MOVIEMOVESME: Throughout the film I felt all the actors, the way they were performing, playing creepy, psycho characters, I felt like they had all run away from a mental facility. Did you have strict rules for that? How did you do this?
Panos Cosmatos: Specific rules. I think the actor I worked with the most on the specifics were, was Linus. He played the, plays Jeremiah Sand. And I was trying to achieve a very specific kind of feeling of this sort of, West Coast…character that I sort of encountered many times in my life. So, with him, we got really specific together. In the case of the rest of the children, I noticed that a lot of the actors were bringing these very eccentric, kind of, ideas, that they had sort of seen in the characters when they were reading the script and imagining what their characters would be like, and instead of trying to tone those down, I let them leap out, seeing them sort of perform these bizarre, physical actions was really quite striking. And that’s sort of, one of the things where I think where I decided to let them do exactly what they wanted, and I think it gives it a sense of chaos and unpredictability to their world.
MOVIEMOVESME: What was that atmosphere on the set for you, as a director, seeing what the actors did to capture what you have written?
Panos Cosmatos: To me, that’s the most exciting part of making a movie, period, is seeing the actors bring the characters to life. As your building sets and finding locations, and all those things, they’re all gratifying, and you see it sort of slowly coming together, but when the actors come into the process and start infusing this sort of diorama with actual blood and life. To me, that’s the most thrilling part and invariably, they’ll sort of approaches and ideas to these creatures that you’ve written that are surprising, and that’s what I find the most exciting thing of all.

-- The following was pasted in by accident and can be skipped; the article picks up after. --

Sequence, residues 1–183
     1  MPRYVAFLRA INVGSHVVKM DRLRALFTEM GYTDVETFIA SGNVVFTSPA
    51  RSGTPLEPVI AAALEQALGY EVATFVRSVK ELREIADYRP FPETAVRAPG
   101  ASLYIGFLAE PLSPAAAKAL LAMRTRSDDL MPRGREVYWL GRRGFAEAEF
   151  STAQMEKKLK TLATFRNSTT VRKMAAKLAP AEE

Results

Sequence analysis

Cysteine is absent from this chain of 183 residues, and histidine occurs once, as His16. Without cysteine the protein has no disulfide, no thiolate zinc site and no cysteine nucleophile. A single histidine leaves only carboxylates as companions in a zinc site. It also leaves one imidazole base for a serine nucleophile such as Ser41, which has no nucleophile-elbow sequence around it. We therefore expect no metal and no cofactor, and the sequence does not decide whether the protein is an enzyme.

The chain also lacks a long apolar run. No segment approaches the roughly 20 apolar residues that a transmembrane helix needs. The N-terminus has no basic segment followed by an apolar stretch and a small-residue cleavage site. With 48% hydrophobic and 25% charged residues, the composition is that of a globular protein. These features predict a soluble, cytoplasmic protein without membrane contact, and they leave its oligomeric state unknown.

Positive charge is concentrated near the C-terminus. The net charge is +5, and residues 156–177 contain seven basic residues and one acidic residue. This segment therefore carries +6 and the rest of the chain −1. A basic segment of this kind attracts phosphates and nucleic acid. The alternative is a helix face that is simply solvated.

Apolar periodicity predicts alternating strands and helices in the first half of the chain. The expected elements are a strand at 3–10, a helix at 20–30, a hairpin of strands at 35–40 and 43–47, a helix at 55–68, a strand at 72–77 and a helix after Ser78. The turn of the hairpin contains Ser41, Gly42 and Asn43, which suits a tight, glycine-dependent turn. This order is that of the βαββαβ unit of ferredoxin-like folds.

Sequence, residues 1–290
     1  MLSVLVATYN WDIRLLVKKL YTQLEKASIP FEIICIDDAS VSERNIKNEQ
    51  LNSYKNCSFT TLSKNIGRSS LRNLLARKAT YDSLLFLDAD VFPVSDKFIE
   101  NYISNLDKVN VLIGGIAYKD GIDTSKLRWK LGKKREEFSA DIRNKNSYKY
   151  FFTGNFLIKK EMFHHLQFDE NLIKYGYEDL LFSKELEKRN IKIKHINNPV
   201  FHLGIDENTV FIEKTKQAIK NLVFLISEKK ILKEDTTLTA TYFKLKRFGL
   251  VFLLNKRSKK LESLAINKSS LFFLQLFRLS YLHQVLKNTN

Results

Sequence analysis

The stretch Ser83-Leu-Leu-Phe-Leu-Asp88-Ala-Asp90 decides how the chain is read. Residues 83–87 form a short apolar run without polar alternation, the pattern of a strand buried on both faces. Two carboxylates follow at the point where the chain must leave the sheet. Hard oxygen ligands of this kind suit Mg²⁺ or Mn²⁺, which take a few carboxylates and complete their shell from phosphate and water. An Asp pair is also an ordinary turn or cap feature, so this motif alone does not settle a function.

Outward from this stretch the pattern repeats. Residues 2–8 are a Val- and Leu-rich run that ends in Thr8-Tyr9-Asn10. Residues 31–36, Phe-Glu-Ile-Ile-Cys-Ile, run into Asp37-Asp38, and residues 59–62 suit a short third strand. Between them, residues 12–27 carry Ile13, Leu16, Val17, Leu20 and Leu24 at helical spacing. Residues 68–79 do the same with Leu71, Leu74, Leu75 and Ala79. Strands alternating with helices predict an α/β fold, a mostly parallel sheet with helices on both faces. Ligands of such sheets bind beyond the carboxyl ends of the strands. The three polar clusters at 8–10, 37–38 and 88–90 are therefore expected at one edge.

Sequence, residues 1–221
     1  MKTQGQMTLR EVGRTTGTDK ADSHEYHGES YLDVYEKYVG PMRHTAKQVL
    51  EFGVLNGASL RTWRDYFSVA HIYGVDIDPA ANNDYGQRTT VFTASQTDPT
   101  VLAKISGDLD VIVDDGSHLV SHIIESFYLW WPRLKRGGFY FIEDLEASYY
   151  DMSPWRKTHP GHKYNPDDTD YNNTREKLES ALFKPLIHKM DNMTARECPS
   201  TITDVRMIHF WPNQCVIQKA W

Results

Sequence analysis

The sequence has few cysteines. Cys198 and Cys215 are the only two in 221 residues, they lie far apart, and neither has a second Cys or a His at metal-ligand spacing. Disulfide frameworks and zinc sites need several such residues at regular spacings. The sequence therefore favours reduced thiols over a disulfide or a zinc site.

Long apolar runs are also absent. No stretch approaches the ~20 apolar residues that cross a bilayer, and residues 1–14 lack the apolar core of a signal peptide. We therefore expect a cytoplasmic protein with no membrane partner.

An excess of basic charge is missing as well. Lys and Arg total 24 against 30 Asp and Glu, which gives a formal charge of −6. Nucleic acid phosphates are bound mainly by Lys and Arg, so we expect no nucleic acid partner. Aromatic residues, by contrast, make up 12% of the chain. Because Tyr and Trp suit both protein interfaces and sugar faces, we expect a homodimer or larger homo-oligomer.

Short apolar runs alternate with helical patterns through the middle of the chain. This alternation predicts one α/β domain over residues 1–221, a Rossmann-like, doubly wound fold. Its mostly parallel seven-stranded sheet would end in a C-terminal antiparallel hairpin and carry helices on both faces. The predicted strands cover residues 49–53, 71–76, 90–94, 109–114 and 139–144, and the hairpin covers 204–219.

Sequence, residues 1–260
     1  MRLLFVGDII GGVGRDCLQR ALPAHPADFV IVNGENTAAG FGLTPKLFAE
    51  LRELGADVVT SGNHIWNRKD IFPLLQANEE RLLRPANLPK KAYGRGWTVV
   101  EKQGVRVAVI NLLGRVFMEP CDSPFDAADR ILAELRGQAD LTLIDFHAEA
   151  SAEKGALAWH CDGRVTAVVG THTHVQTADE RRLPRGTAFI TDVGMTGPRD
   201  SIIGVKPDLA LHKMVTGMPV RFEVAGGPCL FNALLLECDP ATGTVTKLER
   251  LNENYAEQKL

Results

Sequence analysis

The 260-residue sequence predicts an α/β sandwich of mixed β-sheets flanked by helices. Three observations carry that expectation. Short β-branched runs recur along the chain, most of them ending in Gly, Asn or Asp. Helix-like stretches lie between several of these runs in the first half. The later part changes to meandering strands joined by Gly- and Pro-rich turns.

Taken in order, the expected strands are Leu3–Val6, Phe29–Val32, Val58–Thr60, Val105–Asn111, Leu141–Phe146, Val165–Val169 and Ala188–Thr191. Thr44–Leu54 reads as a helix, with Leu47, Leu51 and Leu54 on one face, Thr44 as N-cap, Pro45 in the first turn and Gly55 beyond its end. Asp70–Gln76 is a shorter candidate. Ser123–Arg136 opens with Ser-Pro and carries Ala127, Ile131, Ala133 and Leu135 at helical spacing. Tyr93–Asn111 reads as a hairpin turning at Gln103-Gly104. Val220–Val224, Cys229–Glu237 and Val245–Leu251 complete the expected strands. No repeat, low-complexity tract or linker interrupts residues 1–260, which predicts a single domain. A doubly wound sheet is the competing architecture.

MOVIEMOVESME: Nicolas Cage as Red was outstanding; it was so character driven. Was he your first and last choice or did you have other options? Because I don’t believe that anyone else could’ve pull off what he did with that face, anger, everything?
Panos Cosmatos: Yeah. We were very lucky to have him. I had some trepidation about him playing that role, but when I took a moment to reflect on it, I realized that, an actor that’s still as inventive and deep in his ability as Cage (e.g. Nicolas Cage) is would really maximize the potential for dimension in that character that is actually quite simple on the page.
MOVIEMOVESME: People are eager to see the film because they found something unusual in it. Is that what you wanted? Is that what you were expecting?
Panos Cosmatos: You never know what to expect. I felt like I was making a film for my friends and for me and…I’m always trying to make something that I feel doesn’t exist and that sort of speaks in a very specific way, what I want to see. Because, there’s movies about every possible story and subject, but at the end of the day, it comes down to how well those stories are told, more than what the story itself is, in a way. So, it almost comes down a strange kind of aesthetic, level of how do I want to see a specific kind of story told. But, I don’t know. I hoped that it would, I felt like there was an audience out there for this film, that wasn’t really being spoken to, and I think that may be the case.